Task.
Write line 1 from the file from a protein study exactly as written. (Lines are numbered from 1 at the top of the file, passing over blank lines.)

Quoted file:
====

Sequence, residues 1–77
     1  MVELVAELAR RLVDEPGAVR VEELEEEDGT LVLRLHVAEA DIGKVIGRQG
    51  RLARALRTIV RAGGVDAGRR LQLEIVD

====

Sequence, residues 1–77